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More than half of all farmworkers hired in the United States are from Mexico. They come to the U.S. and back again on temporary work visas. In some states, farmworkers are on the COVID vaccine priority list, which gives them easier access to vaccines than they would get at home. Harvest Public Media's Dana Cronin reports.
DANA CRONIN, BYLINE: White vans carrying small groups of farmworkers drive up periodically to the Parish Hall at St. Joseph's Catholic Church in Cobden, Ill., dropping off groups of men who have recently arrived from Mexico. Many of them will be here until October on temporary agricultural work visas. And on only their third day here, they're getting vaccinated. Thirty-four-year-old Jorge Feria just arrived from Oaxaca, Mexico. Moments after receiving his shot, he felt relieved.
JORGE FERIA: (Through interpreter) We have the fortune to come work through a visa and have a government that cares about the people that come to work in the fields. We are very grateful.
CRONIN: He says if he had stayed in Mexico, he wouldn't be vaccinated. In fact, he doesn't know anyone in Mexico who has yet gotten the shot. It's a big deal for many of these workers. Farmworkers have been hit particularly hard by the pandemic. According to researchers at Purdue University, in the U.S. alone, it's estimated that hundreds of thousands of agricultural workers have tested positive for the virus and thousands have died.
UNIDENTIFIED PERSON #1: Relax your arm.
CRONIN: Jose Martinez rolls up the sleeve of his blue tie-dye T-shirt in preparation for the shot.
UNIDENTIFIED PERSON #2: You're all set.
JOSE MARTINEZ: Nothing hurt. Nothing hurt.
CRONIN: Martinez, who's originally from Mexico, now lives in Illinois year-round working as a forklift operator at a farm. He says most of his family also works on farms and almost all are vaccinated. His parents, though, remain in Mexico.
MARTINEZ: (Through interpreter) They're not vaccinated yet because in Mexico, it's really hard to get it.
CRONIN: Carlos Leonardo Magis Rodriguez teaches medicine at the National Autonomous University of Mexico.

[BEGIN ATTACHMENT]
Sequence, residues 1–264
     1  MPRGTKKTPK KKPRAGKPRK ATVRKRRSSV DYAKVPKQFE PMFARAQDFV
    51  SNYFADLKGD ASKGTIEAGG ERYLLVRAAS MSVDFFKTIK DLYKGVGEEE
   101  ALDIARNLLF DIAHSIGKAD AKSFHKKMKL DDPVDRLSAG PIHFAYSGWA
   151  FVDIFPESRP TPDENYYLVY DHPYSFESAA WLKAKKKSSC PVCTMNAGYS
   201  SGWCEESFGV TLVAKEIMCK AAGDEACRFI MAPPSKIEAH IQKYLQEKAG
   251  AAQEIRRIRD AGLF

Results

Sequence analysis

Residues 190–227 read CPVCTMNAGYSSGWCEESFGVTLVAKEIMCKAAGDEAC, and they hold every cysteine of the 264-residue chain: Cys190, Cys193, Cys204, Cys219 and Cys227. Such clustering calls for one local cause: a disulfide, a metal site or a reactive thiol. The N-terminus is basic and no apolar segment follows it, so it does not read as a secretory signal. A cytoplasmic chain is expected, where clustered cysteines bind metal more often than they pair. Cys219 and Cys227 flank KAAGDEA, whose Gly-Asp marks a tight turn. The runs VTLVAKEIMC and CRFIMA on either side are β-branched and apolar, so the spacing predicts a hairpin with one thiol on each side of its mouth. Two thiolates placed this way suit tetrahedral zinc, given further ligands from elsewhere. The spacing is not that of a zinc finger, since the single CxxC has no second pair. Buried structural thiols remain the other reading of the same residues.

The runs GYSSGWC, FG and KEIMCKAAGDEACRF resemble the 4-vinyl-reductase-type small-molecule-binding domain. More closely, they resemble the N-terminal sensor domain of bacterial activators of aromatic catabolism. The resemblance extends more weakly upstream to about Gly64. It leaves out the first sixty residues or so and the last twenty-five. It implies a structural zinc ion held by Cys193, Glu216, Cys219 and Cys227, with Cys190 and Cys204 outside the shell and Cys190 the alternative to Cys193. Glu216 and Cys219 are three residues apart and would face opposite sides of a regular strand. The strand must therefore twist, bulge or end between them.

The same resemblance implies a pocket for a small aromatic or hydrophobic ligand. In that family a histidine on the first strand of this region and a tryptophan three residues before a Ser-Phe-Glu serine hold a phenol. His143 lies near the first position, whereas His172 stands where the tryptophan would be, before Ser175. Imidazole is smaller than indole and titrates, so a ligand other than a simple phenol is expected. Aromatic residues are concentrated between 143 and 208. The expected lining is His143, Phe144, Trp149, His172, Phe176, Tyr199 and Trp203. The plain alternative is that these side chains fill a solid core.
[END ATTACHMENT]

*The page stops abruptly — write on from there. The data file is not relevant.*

CARLOS LEONARDO MAGIS RODRIGUEZ: The real problem is that we don't have enough vaccines.
CRONIN: He says the supply issues mean that most Mexican residents, even health care workers, aren't yet vaccinated. Mexico's vaccine distribution plan is age-based. And Magis Rodriguez says he expects 20 to 30 year olds won't become eligible until maybe next January, meaning many of the farmworkers getting their shots in the U.S. now will likely be nearly a full year ahead of their peers back home. Some farmworkers say many of their friends and family members are afraid to get vaccinated after hearing false information and conspiracy theories.
ELEAZAR CHAVEZ: (Through interpreter) That the government is against the people and that they're putting the virus in our bodies.
CRONIN: Eleazar Chavez also recently arrived from Oaxaca on a work visa. The night before getting vaccinated, he attended an informational session put on by a local health clinic. Karla Grathler ran that Q&A session. She says many workers come in both concerned and unprepared for the vaccine. And it's important to dispel myths right away with accurate information about vaccines.
KARLA GRATHLER: How they work in the body, what kinds of vaccines we have in the market, what kind of vaccines that we're going to receive today and then what to expect after receiving the vaccine.
CRONIN: After some initial hesitation, Grathler says all 22 of the most recently arrived farmworkers got their vaccine shots.
For NPR News, I'm Dana Cronin in Cobden, Ill.
INSKEEP: Her story was co-reported with Side Effects Public Media's Christine Herman in collaboration with the Midwest Center for Investigative Reporting.
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